I would like to make a DIY drop seeder like the one shown here. I am just very inexperienced with acrylic/plexiglass as a material.

  1. What thickness would you consider, looking at the video/image below?
  2. How would I go about creating those circular notches on the surface?
  3. Any considerations about cutting acrylic sheets?

enter image description here

  • Did you ever get this resolved? If so, please give a check-mark to the answer that helped you the most, or write up your own answer explaining what you did to get it fixed and give yourself a check mark. That will help others with this kind of problem know that this has a resolution and is a good place to look for their answer.
    – FreeMan
    Commented Aug 14, 2020 at 17:39

2 Answers 2


A drill bit will cut holes in acrylic, but don’t use acrylic or you will probably experience breakage like your example. Use polycarbonate, a name brand is Lexan. It can be purchased in the same thickness. It is usually a bit more expensive but it will not crack even when dropped, or hit with a hammer but will preform exactly the same otherwise.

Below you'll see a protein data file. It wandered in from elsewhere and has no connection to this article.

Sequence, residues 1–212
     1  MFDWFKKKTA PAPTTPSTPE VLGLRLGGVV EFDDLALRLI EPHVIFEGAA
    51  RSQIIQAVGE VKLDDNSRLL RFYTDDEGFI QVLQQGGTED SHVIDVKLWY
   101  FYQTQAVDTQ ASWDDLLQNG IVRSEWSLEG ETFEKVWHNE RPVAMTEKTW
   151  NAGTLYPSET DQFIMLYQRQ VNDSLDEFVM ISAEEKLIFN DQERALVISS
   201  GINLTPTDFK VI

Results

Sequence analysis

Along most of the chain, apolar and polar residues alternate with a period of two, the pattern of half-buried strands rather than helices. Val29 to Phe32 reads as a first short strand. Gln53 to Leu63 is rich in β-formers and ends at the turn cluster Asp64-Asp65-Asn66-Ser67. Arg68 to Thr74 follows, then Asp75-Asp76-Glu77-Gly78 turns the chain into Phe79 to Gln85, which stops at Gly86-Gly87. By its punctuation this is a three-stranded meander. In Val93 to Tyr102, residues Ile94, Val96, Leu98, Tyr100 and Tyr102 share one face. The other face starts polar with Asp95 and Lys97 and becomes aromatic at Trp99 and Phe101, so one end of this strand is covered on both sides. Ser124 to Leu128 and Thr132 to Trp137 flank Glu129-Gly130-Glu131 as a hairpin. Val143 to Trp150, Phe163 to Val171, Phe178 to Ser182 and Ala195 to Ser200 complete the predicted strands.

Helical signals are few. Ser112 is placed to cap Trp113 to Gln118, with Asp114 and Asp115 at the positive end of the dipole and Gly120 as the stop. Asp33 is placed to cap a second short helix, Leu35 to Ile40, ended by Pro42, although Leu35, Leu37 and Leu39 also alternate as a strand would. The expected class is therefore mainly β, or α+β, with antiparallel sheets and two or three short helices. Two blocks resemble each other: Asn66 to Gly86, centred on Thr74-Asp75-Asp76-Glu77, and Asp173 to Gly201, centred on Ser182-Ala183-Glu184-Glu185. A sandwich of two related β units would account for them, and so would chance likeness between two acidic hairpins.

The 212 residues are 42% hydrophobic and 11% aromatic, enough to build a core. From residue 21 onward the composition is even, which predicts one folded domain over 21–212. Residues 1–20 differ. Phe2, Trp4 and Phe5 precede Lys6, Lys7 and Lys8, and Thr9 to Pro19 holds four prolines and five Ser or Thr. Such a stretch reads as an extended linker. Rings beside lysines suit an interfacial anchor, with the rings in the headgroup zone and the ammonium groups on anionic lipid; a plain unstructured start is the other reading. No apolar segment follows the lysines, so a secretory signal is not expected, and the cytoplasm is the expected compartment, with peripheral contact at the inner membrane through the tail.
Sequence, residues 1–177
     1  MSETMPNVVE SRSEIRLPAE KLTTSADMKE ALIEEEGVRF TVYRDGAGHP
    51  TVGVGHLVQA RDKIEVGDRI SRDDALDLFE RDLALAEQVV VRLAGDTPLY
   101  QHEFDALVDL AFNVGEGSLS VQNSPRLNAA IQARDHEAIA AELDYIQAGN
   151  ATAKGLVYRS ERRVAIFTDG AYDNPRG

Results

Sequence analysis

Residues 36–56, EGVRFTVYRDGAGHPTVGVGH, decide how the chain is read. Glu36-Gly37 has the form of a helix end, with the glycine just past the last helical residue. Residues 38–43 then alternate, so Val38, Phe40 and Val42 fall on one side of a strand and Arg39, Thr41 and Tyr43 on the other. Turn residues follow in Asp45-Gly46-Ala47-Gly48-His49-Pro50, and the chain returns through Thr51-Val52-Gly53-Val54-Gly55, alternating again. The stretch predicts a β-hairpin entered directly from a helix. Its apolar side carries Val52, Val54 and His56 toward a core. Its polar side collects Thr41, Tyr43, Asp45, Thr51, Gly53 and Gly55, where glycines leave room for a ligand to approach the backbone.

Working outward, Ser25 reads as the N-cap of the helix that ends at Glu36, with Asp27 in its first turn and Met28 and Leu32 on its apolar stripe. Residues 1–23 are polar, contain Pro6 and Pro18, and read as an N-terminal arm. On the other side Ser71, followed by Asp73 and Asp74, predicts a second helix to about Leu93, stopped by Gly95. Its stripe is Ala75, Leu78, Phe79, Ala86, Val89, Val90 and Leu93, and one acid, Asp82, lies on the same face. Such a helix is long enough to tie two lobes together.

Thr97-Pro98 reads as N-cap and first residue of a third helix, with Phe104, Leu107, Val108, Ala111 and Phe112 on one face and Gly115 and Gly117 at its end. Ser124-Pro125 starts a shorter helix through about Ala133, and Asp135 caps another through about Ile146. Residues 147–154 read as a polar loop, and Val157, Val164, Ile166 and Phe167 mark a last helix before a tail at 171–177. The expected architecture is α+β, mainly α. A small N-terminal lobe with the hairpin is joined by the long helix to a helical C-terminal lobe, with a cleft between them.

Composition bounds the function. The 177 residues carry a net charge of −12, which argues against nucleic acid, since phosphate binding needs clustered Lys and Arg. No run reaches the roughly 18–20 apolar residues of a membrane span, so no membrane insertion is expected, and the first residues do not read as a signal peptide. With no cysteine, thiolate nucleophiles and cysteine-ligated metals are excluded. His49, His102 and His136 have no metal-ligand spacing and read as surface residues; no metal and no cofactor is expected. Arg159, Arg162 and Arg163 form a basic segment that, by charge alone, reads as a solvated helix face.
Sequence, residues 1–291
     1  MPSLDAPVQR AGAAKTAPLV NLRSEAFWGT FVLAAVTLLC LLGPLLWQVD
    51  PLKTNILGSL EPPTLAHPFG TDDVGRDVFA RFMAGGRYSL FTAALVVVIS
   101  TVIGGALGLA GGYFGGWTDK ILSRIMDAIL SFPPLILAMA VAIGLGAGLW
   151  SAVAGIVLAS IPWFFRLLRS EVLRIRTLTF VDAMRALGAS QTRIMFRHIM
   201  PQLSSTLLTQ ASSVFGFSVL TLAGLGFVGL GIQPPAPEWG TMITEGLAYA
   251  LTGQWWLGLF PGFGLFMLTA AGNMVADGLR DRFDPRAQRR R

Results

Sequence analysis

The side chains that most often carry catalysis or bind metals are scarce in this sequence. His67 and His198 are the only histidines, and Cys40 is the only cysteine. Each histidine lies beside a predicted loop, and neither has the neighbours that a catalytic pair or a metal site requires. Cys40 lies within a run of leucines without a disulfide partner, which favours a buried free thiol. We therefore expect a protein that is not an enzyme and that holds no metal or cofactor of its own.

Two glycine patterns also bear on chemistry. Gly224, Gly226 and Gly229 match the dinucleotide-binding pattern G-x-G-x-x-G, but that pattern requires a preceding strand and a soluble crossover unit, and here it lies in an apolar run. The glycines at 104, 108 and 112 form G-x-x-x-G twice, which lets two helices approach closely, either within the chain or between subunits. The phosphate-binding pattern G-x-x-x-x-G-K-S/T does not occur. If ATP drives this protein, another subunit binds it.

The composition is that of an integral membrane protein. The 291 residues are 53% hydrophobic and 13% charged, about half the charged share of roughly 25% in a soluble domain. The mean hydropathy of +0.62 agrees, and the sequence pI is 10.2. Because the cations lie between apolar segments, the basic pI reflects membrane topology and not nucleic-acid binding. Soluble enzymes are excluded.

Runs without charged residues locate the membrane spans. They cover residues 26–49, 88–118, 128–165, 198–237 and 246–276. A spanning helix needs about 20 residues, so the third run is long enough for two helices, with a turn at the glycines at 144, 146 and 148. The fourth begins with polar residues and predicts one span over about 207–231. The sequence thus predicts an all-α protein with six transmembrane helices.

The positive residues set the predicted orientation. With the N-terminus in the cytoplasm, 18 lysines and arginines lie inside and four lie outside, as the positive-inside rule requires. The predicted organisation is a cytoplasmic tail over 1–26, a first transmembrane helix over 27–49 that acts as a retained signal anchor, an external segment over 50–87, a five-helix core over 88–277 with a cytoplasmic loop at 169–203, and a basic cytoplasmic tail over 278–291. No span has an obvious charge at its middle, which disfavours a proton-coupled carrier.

I don't see notches as much as through-holes. Acrylic is easily cut to specifications by using a CO2 laser. For the design in the video, one could get away with 3 mm thick acrylic, keeping the weight down while providing enough strength for such a device.

Ed suggests polycarbonate, which is stronger and cannot be cut with a laser.

Finding a local makerspace, or posting a query on a laser forum such as Lightburn Software should find you a willing cutting resource. I've done a number of custom laser projects for members of both our local makerspace and visitors to the above noted forum.

Using a service is also a possibility, but the costs increase substantially for established industrial services one would find.

  • A laser to cut acrylic or polycarbonate? That's a bit overkill for DIY, no? I've worked with both with standard woodworking tools and had absolutely no problems at all.
    – FreeMan
    Commented Jul 15, 2020 at 16:19
  • It's an option available well suited for the task required. Good that you can work acrylic and polycarbonate with standard wood working tools. Overkill, no. Makerspaces and home-use laser cutters abound.
    – fred_dot_u
    Commented Jul 15, 2020 at 16:44

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